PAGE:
First things first. You have to love the name. Tiger Sauce. So simple. To the point. And the packaging follows suit with that in your face, sort of retro tiger growl. Ironically, Try Me brand’s Original Tiger Sauce is more of a sweet hot sauce than something with big cat bite. But how does it stand up in terms of flavor and balance? And how usable is it beyond the obvious sweet sauce use cases? Let’s break it all down.
There’s a pretty big ingredient list here, so let’s start jump right into it. Ingredients are: Cayenne peppers, sugar, distilled vinegar, water, salt, crushed red peppers, xanthan gum, chili peppers, caramel color, sodium benzoate, hydrolyzed corn protein, tamarind extract, natural flavor (contains anchovy), oregano, cumin, and garlic powder. It also contains fish.
Cayenne peppers lead the list, but, as mentioned, this isn’t a big heat sauce. In fact, the heat is surprisingly little for cayennes being so high up in the list. Rather, it’s that sugar and vinegar that follow that take center stage to Tiger Sauce’s flavor. You taste those cayenne peppers at first bite, but they immediately are met with the vinegar and sugar combo that makes those endorphins in your brain go haywire.
Tiger Sauce is that sweet and tangy mix that’s so addictive in sauces and marinades. It reminds me of General Tso’s sauce, as it has that sugary tang kick that keeps you coming back for more and more. It’s hard to stop. Seriously.
The garlic powder and other spices are more of an afterthought that you’ll notice after a few bites. They add a touch of depth to the flavor profile of Tiger Sauce. But really this sauce is all about that sugar and vinegar.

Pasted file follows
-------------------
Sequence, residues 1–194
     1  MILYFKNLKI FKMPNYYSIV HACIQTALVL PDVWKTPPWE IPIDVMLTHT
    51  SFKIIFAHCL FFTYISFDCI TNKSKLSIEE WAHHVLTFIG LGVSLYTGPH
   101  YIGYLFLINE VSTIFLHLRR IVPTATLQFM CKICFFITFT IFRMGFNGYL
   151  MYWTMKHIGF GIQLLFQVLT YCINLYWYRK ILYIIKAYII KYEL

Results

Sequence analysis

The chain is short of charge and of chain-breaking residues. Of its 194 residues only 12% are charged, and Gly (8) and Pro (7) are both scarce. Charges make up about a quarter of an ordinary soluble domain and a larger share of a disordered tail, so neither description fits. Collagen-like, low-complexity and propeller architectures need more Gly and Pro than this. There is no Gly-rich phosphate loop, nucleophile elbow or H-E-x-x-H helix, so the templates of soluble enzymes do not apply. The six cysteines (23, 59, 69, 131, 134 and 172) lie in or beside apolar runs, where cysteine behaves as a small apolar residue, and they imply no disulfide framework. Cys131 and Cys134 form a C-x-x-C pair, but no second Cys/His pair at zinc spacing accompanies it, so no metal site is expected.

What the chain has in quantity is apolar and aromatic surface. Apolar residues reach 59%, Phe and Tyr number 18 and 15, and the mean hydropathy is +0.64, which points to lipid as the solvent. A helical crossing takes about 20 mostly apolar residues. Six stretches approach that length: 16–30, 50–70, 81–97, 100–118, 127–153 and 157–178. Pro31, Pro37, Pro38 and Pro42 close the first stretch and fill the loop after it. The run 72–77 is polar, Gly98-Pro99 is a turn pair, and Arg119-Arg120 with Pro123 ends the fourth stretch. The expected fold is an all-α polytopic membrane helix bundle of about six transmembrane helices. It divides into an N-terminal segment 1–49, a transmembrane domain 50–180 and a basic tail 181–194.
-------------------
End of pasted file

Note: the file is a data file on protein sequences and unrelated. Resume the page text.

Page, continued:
With a name like Tiger Sauce, you’re likely expecting at least a moderate kick to the sauce. No such luck. It’s a mild heat which quickly dissipates. The spiciness hits on the back-end and you feel it the more you eat it, but it’s merely the younger-warming type. The sugar and vinegar really drown out the kick of the peppers, so they don’t come at you with anywhere near full force.
Tiger Sauce doesn’t report a Scoville rating, but if we had to guess it’d be in around 500 Scoville heat units. That’s less than eating a fresh poblano pepper and nowhere near the potential provided by cayenne peppers (30,000 to 50,000 SHU.) It’s maybe half the heat of Sriracha.
So, the balance isn’t what I expected for the name, but when you get past that it’s truly an enjoyable sauce. Just not a “hot” sauce.
It’s excellent if you’re looking for something family-friendly. Everyone in the family can try it, and if they love tangy-sweet, they’ll go nuts for it.
Sweet sauces are often more versatile than you first think, and that’s definitely true with Tiger Sauce. Because it’s a thin sauce, it’s perfect as a chicken or pork marinade. And it also livens up Tofu a ton. That sweet tang kills it in the morning with eggs and toast too. It’s delicious on tacos and don’t forget it with seafood, especially shrimp. Tiger Sauce makes for an excellent alternative to cocktail sauce.
This is the kind of sauce you can easily experiment with because it’s not too hot or too sweet. It’s just loaded with flavor and a very eatable warmth.
As I started — gotta love the label. That roaring Bengal tiger looks cool, sort of retro 70s between the font and the coloring. It reminds me of what high school mascots look like. This bottle is easy to spot and definitely makes a statement. You can also see the fresh peppers through this thin sauce in the glass bottle. It just looks inviting.
If you love sweet and tangy sauces like General Tso’s sauce, then Tiger Sauce is a slam dunk. We expected something spicier (and the balance could be better there), but this a sauce that everyone can enjoy.